As if all this missile-flexing weren't enough, there's an economic dimension to the Black Sea conflict. The Black Sea figures in Russia's South Stream pipeline scheme to transit Russian-sourced natural gas as far west as Austria and Italy - itself a means of undercutting the much-discussed, much-delayed Nabucco pipeline billed as a western-backed way of reducing Russian resource dominance. Add to that the 2009 ruling by the International Court of Justice in the Black Sea boundary dispute recognizing Romania's sovereignty over a swath of the Black Sea bed (Ukraine, much more pliable to Russian pressure, was the loser) which puts the undersea exploitation of sizable oil and gas fields in the hands of a NATO nation. For resource-rich Russia, Romania's gain is unwelcome competition - not so much in lost energy revenues, but in a diminished Russian capability to use its energy weapon against Europe. Expect a rear-guard Russian game of resource-denial aimed at European and North American companies that might provide an alternative energy supply to Central Europe and beyond.
With so many other challenges to reckon with, is the U.S. really ready for a post-Cold War tug of war in Southeastern Europe? Conventional wisdom posits that President Obama - who cancelled plans to attend the Madrid EU summit this May and has his own plateful of domestic and international crises to attend to - has little mind-space to devote to such machinations. But this presidential-level "delegation" leaves the United States' European policy largely in the hands of two Obama cabinet members - Republican holdover Defense Secretary Robert Gates and Secretary of State Hillary Clinton - who together form a line of continuity from Bush I through the Clinton years and Bush II, a period in which U.S. policy demonstrated a reasonably bipartisan appreciation of the value of a Europe whole and free. And as the Holbrooke photo-op in Georgia (never mind how Tbilisi would run a supply line from the wrong side of the Caspian Sea to surging NATO forces in Afghanistan) and BMD basing agreements make clear, this sub-presidential policy approach shows few signs of giving Russia the regional free hand it seeks.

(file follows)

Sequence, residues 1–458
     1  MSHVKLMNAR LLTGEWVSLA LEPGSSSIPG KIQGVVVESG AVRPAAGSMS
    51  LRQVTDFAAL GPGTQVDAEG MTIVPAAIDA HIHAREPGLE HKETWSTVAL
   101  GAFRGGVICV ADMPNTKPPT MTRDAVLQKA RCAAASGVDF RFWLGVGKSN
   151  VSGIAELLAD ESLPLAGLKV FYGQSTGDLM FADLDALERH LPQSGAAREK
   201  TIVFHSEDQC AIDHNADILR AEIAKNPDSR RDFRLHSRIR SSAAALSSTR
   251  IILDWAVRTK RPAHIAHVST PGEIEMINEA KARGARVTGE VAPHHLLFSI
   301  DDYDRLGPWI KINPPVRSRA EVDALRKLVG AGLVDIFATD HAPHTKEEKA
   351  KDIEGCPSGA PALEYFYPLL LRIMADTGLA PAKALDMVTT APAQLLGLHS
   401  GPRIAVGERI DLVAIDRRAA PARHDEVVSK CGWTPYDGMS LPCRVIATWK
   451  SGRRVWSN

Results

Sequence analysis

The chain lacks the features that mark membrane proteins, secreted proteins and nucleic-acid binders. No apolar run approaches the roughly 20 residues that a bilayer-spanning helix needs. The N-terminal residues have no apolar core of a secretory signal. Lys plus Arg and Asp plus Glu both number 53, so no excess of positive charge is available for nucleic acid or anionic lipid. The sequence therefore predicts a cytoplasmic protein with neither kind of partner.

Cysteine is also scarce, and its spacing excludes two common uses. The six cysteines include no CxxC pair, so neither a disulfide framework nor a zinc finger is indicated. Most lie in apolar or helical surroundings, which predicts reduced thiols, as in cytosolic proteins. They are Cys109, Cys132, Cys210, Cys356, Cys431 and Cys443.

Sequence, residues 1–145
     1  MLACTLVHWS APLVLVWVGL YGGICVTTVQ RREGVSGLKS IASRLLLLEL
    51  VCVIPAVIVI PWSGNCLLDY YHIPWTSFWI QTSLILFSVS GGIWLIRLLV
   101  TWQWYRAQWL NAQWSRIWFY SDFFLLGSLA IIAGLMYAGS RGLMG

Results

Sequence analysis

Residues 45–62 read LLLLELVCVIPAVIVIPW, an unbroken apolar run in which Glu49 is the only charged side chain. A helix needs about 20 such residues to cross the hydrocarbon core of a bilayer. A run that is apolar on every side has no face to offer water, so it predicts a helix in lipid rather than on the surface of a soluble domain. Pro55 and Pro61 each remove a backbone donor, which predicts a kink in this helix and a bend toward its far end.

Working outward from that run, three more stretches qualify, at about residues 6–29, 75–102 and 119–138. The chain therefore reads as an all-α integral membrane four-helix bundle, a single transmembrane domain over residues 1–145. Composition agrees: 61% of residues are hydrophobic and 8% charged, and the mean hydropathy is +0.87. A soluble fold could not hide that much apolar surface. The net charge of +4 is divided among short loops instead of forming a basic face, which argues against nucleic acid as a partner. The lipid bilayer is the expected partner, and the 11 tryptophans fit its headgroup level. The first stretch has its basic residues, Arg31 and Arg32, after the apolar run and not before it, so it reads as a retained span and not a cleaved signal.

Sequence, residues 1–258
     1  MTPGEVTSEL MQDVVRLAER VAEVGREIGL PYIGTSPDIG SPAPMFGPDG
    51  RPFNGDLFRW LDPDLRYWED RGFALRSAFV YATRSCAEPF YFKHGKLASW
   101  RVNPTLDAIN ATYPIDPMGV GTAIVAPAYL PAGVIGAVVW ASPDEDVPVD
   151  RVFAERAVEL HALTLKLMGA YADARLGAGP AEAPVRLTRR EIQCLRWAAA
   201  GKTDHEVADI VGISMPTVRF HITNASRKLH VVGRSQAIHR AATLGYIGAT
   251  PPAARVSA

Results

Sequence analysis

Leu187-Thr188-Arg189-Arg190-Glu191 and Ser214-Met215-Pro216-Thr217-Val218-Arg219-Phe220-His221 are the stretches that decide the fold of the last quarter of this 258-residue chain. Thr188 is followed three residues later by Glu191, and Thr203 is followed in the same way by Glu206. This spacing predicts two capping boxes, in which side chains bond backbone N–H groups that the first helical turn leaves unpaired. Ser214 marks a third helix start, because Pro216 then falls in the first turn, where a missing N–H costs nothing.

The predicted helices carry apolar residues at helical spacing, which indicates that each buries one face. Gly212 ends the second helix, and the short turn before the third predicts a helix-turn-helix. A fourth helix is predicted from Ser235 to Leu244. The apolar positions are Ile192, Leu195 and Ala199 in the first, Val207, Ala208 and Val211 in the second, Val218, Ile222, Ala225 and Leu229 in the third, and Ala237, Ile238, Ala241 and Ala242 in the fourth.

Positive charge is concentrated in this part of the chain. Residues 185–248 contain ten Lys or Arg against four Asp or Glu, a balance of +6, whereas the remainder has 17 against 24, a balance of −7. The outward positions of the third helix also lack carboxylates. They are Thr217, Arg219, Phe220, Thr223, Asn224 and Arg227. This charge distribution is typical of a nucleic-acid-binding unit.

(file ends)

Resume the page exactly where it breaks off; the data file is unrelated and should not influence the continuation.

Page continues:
Pipelines criss-crossing the seabed, extraction platforms dotting the coastlines, U.S. missile defense cruisers and destroyers patrolling the surface and paying visits to ports of call, while the Russian Navy anchors at its Ukrainian rent-a-port at Sevastopol: As the decade unfolds, the Black Sea is about to become a busy place. All of which will offer plenty of opportunities for contending forces and clashing interests - military as well as economic - to come into contact.
65 years ago this month, at the Black Sea resort of Yalta, the world's powers mapped the ending of one war while planting the seeds of another. Today, the Black Sea once again figures as a potential fault line for a new round of friction between East and West.